Story Fondling

Woman to Women Story Fondling Let go to move on By: Michele Woodward “Forgiveness is when the hurt you’ve suffered no longer drives your decision-making nor defines who you are.” Believe me, I’ve returned to those words time and again. And recently I came to see that people who are stuck are often unwilling or […]

Woman to Women

Story Fondling

Let go to move on

By: Michele Woodward

“Forgiveness is when the hurt you’ve suffered no longer drives your decision-making nor defines who you are.”

Believe me, I’ve returned to those words time and again. And recently I came to see that people who are stuck are often unwilling or unable to let go of the hurt they’ve suffered. Somehow the hurt defines them in a way that feels, oddly enough, comfortable.

It’s the woman who will tell you with great bitterness how unfairly her ex-husband treated her. How he screwed her out of money. How he turned the children against her. How he cheated on her and then walked away scot-free. The jerk. “When did this happen?” you might ask, and then be shocked to find out that it was 30 years ago.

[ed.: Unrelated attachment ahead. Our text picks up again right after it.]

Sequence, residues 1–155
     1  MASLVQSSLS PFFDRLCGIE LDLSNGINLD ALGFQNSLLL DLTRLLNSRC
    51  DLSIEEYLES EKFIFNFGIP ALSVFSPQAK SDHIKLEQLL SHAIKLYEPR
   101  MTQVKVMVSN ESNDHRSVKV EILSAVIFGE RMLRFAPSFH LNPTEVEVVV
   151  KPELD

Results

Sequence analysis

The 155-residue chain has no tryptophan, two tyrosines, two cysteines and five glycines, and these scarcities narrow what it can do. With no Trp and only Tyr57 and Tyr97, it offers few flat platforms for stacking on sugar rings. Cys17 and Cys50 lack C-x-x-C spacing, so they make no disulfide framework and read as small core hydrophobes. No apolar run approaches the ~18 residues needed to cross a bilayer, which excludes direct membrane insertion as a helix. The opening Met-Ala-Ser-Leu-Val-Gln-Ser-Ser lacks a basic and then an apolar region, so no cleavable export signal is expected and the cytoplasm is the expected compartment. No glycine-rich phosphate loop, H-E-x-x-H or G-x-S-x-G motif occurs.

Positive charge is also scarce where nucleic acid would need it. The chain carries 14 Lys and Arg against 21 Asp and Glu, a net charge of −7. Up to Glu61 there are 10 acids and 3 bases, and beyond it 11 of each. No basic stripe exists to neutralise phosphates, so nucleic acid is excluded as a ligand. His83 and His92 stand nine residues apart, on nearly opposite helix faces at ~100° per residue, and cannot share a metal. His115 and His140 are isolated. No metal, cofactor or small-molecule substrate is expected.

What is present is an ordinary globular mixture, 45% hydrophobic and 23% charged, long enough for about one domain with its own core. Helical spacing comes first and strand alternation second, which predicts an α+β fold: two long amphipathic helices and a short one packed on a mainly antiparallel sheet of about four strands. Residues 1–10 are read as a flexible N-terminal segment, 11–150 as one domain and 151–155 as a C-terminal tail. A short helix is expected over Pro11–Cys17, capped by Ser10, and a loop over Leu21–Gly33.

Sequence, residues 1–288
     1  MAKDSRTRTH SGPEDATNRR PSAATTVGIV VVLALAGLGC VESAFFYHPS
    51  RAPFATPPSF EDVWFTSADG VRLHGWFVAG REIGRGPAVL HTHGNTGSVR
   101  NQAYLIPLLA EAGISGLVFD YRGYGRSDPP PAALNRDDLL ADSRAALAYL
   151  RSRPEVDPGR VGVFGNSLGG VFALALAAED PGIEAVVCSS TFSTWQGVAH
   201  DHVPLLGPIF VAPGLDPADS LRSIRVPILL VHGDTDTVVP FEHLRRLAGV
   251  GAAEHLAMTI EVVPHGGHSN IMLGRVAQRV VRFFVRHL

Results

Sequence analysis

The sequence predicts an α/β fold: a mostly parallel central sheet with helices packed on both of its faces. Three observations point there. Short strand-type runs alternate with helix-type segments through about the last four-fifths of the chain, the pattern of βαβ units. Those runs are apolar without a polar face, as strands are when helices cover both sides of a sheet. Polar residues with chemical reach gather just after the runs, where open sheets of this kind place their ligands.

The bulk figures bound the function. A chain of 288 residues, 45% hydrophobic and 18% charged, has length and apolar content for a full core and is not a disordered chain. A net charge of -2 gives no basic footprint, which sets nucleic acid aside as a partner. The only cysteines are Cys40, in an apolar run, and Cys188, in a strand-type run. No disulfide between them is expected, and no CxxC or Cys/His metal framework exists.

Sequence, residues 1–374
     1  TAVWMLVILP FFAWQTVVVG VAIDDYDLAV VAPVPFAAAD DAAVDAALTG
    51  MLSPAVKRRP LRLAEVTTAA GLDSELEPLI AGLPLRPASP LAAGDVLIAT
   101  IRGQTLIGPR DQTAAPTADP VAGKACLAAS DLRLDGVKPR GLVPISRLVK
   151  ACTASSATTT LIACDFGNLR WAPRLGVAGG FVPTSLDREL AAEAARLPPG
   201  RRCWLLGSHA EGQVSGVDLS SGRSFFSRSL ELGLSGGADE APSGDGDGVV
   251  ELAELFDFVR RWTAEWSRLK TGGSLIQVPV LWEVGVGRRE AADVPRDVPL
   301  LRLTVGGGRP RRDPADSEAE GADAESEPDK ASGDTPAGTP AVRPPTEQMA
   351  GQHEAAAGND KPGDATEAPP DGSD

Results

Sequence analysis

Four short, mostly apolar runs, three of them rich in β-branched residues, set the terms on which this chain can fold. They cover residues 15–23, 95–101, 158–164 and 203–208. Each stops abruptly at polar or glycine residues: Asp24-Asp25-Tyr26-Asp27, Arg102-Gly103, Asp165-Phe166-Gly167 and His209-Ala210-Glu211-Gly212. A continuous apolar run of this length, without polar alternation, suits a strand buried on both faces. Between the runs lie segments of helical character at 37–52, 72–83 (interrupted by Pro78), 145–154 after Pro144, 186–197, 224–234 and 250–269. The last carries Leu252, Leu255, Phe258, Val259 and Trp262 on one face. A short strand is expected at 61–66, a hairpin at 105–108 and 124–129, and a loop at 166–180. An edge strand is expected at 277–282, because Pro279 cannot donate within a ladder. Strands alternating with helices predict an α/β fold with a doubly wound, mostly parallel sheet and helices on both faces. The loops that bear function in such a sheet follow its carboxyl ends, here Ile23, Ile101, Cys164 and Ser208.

It’s when your friend starts to complain once again about how intolerable her workplace is. What a psycho her boss is. How brown-nosing her officemates are. How favorites get recognized but hard work is never rewarded. How she has no energy and barely drags herself to work every day. You’ve heard the same complaints over and over for the past five years.

Being stuck – feeling powerless to change, not knowing what to do, fuzzy thinking – happens to all of us at one time or another. We have a problem and can’t seem to find a way out.

Why is that?

“We’re ‘story fondling,’ says my friend Martha Beck, whose column appears in O magazine every month. We love our story. We absolutely adore it. We hold it close, as if it were a tiny baby needing our tender, loving care.

But when we story fondle, we allow our problem to define us and shape our decision-making.

Which is the opposite of forgiveness.

And only prolongs the pain.

The only way forward, as you may have heard, is through it. To get unstuck once and for all, you have to stop focusing on the problem and start focusing on the solution.

Sure, sometimes we fondle our problem in an attempt to understand it. And that’s important – understanding the pain can help us craft a solution that works. But 30 years of fondling? Excessive. That’s 30 years of living life in pain and on hold.

What you’ve got for sure is today. Yesterday’s gone, and tomorrow is not promised. Laying the problem aside and living right here, right now, focused on solutions – that’s the key to arriving at the most powerful point of forgiveness: self-forgiveness. And that’s the path toward a vibrant life worth living.


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